Employers may skip the first step of the H-2B process if they are sponsoring Canadian musicians that will be employed within a 50-mile radius from the US-Canadian border for 30 days or fewer.

Which Countries are Eligible for the H-2B Visa?

Nationals of eligible countries may work in the United States on the H-2B visa. These countries include:













Costa Rica


Czech Republic



El Salvador






















North Macedonia









The Netherlands


New Zealand



Papua New Guinea


The Philippines




San Marino





Solomon Islands

South Africa

South Korea


St. Vincent and the Grenadines









United Kingdom



H-2B Visa: Period of Stay and Status for Family Members 

The maximum period of stay in the United States on an H-2B visa is three years. USCIS grants H-2B visas up to the period authorized by the employer on the temporary labor certification document. Extensions are available for increments of up to one year each for certain workers.

Spouses and unmarried children under 21 years old may seek admission into the United States under H-4 nonimmigrant status. H-4 status does not provide eligibility to work in the United States.

Employer Notifications Required for H-2B Visa Workers

Employers must notify USCIS within two working days if the H-2B worker does any of the following:

  • No show: Misses work within five working days of the later:
    • Their employment start date, as noted on the H-2B petition, or
    • The start date established by the employer.
  • Abscondment: Leaves without notice and does not report to work for five consecutive working days without the employer’s consent.
  • Termination: Is terminated before completing the labor or services for which they were hired.
  • Early completion: Finishes their work more than 30 days before the end date specified in their H-2B petition.
H-3 Visas

H-3 visas are designed for foreign nationals to enter the US temporarily for either:

  • Trainee: Will receive training in any field, except graduate medical education or training, which is not available in their home country.
  • Special education exchange visitor: Will receive practical training and experience in educating children with disabilities (physical, mental, or emotional) as part of a special education exchange visitor training program.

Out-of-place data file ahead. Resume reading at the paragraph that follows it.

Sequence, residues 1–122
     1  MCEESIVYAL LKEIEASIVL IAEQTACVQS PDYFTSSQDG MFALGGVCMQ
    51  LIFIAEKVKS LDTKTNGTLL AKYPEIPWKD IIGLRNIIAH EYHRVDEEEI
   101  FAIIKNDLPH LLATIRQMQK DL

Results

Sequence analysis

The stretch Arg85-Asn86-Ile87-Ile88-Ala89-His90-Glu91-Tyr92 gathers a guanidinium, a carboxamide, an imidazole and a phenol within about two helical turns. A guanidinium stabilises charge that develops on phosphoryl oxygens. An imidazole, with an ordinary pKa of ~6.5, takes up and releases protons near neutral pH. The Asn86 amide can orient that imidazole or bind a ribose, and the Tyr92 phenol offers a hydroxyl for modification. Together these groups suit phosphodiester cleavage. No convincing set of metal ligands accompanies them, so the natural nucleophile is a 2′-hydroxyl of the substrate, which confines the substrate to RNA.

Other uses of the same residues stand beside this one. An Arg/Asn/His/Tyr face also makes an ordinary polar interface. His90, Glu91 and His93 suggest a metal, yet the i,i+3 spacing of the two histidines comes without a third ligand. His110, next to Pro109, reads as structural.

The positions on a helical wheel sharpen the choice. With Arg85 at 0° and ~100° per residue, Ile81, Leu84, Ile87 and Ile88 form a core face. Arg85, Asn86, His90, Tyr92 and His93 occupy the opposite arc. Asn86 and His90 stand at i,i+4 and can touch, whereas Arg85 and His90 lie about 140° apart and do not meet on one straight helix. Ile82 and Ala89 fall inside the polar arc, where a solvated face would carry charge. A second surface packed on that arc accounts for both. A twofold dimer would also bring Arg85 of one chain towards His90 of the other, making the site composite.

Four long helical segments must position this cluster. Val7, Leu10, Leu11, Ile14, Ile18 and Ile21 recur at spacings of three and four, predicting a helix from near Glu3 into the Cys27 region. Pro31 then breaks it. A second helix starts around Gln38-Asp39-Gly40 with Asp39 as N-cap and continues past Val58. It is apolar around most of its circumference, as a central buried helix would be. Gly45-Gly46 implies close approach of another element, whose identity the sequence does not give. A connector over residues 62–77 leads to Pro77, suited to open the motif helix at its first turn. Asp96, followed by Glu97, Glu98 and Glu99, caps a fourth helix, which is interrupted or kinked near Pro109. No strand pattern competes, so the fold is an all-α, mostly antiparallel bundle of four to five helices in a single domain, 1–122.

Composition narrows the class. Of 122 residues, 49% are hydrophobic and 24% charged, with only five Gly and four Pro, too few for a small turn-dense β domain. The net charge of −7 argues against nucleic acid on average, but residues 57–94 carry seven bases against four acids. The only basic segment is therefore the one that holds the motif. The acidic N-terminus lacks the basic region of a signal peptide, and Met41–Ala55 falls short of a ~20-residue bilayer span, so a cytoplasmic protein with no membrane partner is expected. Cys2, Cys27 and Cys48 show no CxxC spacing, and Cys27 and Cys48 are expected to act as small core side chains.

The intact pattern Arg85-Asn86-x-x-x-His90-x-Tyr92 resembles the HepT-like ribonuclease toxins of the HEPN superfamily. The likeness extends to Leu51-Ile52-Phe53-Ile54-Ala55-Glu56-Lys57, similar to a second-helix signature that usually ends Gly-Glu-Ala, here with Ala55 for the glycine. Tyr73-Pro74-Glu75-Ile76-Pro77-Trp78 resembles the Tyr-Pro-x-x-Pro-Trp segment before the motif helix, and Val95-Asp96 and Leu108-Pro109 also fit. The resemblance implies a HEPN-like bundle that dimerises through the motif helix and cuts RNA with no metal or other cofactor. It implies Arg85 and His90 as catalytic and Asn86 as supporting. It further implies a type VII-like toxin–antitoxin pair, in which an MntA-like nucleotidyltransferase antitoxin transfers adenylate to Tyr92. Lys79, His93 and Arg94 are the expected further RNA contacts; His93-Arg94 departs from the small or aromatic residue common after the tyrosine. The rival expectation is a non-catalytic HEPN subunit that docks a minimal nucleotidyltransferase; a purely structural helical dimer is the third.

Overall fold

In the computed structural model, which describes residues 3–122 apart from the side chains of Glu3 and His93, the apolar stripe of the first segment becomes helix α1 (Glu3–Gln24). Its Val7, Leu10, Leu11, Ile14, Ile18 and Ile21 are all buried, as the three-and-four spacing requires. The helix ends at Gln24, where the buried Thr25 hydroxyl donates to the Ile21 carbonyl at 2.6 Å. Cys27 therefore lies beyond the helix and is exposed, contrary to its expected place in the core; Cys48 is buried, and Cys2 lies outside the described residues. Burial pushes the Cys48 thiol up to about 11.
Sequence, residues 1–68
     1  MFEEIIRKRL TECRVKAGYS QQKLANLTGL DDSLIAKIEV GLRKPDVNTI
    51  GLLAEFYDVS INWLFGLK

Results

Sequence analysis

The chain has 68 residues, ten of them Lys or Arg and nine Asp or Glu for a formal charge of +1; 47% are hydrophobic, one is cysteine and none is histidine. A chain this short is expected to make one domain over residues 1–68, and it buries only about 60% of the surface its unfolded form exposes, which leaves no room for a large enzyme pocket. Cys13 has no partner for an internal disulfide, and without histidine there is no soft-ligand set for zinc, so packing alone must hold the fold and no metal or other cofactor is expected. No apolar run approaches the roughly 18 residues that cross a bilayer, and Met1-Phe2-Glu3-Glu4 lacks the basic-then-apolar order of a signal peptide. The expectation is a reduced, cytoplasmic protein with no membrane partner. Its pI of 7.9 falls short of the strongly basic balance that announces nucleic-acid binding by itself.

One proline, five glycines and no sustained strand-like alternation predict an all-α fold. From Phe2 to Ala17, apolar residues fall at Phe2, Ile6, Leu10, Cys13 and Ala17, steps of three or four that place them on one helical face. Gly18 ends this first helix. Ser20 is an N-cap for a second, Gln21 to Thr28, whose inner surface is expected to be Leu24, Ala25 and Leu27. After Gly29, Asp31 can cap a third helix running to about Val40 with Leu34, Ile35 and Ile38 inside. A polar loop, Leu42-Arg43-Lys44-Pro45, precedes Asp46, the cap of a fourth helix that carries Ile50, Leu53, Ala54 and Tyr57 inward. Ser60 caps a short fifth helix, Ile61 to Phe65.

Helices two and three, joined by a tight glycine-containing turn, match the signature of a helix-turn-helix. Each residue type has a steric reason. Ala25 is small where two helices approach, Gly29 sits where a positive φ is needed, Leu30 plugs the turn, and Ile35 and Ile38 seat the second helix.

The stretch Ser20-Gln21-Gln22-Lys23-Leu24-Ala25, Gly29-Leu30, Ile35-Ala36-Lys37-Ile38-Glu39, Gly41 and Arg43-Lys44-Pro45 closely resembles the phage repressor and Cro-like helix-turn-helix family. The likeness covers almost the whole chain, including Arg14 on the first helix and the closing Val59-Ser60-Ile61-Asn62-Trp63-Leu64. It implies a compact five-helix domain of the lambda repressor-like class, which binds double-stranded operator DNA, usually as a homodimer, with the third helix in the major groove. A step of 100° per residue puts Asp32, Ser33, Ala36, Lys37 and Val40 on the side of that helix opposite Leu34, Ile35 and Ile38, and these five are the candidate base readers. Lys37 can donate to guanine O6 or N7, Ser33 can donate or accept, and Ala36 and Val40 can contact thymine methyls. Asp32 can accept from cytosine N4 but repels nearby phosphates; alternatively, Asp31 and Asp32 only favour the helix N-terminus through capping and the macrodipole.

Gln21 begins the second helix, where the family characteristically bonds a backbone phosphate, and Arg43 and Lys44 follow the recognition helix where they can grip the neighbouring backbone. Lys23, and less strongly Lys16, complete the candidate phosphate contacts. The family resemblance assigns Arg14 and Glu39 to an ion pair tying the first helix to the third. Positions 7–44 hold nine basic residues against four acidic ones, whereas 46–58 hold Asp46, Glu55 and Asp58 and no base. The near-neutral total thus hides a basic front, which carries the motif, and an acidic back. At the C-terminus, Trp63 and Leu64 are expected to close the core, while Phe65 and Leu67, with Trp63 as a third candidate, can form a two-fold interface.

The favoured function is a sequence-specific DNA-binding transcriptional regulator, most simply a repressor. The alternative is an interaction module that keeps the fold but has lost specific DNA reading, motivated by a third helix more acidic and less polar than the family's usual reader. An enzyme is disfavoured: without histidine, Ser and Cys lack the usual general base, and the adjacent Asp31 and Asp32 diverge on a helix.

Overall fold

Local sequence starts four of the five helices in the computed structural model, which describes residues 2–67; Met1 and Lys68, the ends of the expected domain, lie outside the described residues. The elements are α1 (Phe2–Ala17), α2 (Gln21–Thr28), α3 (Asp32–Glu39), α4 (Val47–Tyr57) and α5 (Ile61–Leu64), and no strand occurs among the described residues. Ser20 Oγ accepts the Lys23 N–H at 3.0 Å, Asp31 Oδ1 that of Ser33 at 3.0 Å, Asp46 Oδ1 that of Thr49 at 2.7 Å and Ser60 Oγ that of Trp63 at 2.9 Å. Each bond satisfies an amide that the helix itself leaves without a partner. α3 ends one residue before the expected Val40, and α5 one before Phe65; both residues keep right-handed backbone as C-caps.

While there is no cap on trainee visas only 50 are approved each fiscal year. Trainee H-3 visas are limited to two years in duration, while special education exchange visitors may be sponsored on an H-3 visa for up to 18 months.

Employers may file for H-3 visas at any time during the year.

Requirements for H-3 Trainees

Individuals can qualify for the H-3 visa for trainee programs if:

  • The training is not available in their home country.
  • They will not work in a position that is part of normal business operations where US workers are normally employed.
  • They will not engage in employment unless it is necessary for the training.
  • The training will help them pursue employment outside of the US.

Requirements for Special Education Exchange Visitors on H-3 Visas

The H-3 visa must be filed by a facility that has a structured program to deliver education for disabled children, and that employs professionally trained staff.

The program must also provide hands-on training and experience to trainees.

The applicant must provide evidence of education or experience that qualifies them for the program, including one of the following:

  • A completed baccalaureate or higher degree program specialized in special education.
  • Ongoing studies in a baccalaureate or higher degree program in special education which will soon end.
  • Extensive completed training and experience teaching children with emotional, physical, or mental disabilities.

If the applicant will offer custodial care of children, it must be part of the training program.


For help obtaining C-1, H-2B, H-3, and other uncommon visas, contact your trusted Chugh, LLP immigration professional.